Recorded live in Kentish Town pub The Oxford in September 2008 saxophonist Martin Speake joined by tuba player Oren Marshall and drummer Mark Sanders, this live album represents the entire first set of the gig on the night of the 22nd and comes not long after the autumn release of the duo album Sound Clouds.

Speake’s label Pumpkin have done a nice job here with the CD tucked inside an additional sleeve crammed in to the pocket in the artwork making the album as an artefact feel a bit more solid without being overly bulky and enhancing the six-panel artwork and its attractive cover design.

Freely improvised The Quiet Mind doesn’t sound like throw-the-kitchen-sink-at-it improv and actually begins in contemplative fashion, the quotations in the sleeve from “degrowth activist” Charles Eisenstein setting the mood in an extract from his 2011 book Sacred Economics beginning: “The things we need most are the things we have become most afraid of, such as adventure, intimacy, and authentic communication.” That intimacy Eisenstein says we’re afraid of is present certainly as the album’s contemplative mood suffuses ‘Your Sweet Melody’ Sanders and Marshall developing independent improvising lines in addition to the Lee Konitz-like Speake’s alto sax scalar explorations. And certainly you feel all three are listening hard to each other, the tuba’s tonalities unusual of course but in no way jarring: reed, brass, and drums knitting well. The first track becomes incredibly quiet at certain points – even the far from raucous audience applause interspersing the tunes is respectful – an exercise by the trio in restraint, their instinctive spontaneity spooling out little by little. Second tune ‘Tears in Her Eyes’ like all three of the pieces owes its title to a note of appreciation written both in English and French left by two women who had been part of the audience sufficiently moved to sign it “une spectatrice qui a eu les larmes aux yeux.” Each piece might be a little too long and occasionally loses a sense of direction particularly the more desultory ‘First Time But Not The Last’ for complete satisfaction but there’s still plenty to savour here.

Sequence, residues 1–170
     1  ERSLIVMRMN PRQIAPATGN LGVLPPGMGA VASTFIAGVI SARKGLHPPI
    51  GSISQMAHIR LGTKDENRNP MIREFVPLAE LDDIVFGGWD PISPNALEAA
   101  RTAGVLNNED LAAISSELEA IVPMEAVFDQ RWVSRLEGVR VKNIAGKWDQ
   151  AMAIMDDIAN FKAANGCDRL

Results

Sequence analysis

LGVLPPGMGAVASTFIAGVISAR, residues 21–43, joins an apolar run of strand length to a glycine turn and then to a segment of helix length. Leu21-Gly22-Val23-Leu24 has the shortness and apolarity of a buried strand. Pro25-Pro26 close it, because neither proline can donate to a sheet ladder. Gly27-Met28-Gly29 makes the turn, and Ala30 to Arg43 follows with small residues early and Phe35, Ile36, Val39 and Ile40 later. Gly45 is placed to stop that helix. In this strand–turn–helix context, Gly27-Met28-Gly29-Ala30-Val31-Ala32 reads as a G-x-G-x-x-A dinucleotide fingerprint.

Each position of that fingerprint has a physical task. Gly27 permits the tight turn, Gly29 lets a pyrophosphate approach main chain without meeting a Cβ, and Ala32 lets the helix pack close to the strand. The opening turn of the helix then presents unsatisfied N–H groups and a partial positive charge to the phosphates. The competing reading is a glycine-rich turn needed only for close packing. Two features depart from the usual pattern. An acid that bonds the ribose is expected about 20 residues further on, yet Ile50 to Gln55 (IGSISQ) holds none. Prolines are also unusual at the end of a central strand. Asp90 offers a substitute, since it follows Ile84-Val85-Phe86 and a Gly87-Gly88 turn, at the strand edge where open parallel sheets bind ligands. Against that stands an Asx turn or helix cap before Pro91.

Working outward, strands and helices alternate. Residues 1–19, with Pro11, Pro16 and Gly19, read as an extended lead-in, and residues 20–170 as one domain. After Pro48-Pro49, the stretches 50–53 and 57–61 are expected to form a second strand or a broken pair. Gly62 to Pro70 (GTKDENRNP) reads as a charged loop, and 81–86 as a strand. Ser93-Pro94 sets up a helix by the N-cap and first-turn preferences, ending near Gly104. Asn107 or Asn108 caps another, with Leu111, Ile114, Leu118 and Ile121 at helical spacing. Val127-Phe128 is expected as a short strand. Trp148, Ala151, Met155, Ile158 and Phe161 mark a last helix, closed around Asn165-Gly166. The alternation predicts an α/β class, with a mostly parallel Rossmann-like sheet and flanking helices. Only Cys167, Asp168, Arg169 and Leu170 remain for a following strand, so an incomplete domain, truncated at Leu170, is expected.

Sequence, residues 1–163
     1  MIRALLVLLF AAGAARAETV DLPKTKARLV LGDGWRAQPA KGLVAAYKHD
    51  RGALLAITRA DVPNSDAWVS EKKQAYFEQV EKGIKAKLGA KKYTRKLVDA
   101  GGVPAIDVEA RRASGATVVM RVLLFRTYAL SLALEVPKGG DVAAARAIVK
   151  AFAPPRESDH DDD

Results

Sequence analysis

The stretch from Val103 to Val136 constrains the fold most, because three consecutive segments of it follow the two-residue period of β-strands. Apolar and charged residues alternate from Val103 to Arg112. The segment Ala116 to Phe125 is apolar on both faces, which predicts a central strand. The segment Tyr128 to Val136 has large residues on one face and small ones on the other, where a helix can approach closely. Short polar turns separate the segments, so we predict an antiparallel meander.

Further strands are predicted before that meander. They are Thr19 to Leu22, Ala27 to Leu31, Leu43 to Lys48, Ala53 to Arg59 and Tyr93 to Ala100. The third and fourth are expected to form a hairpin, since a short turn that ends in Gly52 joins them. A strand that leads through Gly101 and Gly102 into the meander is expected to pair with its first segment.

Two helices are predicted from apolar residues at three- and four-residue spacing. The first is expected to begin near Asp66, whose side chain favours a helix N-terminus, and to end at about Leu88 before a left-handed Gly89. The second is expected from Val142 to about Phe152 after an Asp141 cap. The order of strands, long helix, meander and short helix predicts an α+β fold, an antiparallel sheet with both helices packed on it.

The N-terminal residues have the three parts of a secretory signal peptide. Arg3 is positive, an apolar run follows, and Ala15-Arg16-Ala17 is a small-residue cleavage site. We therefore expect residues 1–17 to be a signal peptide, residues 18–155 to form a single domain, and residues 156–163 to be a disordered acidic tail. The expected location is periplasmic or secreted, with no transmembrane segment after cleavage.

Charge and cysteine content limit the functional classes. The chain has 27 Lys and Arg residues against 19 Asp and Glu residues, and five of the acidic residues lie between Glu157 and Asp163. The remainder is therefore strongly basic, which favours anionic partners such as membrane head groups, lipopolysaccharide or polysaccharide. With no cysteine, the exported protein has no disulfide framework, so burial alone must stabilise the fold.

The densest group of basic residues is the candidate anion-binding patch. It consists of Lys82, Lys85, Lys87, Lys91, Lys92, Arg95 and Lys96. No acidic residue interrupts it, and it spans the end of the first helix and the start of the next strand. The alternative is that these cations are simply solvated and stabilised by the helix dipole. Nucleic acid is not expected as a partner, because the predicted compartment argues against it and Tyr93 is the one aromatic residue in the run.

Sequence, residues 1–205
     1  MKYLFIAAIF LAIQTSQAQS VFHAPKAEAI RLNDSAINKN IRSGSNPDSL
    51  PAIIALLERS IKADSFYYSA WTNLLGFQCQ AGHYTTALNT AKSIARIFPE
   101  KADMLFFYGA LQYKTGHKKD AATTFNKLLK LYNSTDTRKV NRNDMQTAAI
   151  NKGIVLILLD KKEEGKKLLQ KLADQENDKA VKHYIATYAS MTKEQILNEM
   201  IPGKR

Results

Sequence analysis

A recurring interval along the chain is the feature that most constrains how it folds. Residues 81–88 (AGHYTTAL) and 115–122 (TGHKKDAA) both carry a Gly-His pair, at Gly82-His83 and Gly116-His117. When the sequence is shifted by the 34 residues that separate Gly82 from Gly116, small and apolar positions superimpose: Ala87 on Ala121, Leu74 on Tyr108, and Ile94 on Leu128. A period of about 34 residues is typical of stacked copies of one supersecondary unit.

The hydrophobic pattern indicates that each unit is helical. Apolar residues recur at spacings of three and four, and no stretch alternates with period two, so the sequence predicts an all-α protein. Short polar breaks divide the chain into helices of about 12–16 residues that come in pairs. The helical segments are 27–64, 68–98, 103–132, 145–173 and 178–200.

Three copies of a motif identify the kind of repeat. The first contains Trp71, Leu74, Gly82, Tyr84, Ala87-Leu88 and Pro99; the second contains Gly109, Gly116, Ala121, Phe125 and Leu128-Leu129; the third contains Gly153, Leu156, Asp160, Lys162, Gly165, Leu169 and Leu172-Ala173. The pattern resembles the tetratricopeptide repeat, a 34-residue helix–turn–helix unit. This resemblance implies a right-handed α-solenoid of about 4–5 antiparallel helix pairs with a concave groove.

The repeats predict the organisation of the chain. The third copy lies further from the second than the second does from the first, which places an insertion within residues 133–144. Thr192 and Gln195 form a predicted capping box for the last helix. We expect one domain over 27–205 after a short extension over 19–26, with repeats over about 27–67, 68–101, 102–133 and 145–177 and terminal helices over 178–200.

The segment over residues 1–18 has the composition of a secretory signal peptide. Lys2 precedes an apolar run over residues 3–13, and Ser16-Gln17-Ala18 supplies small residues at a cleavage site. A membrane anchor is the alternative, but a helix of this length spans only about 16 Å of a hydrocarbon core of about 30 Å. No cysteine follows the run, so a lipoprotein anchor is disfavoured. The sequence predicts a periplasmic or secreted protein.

Stephen Graham

Released on 26 January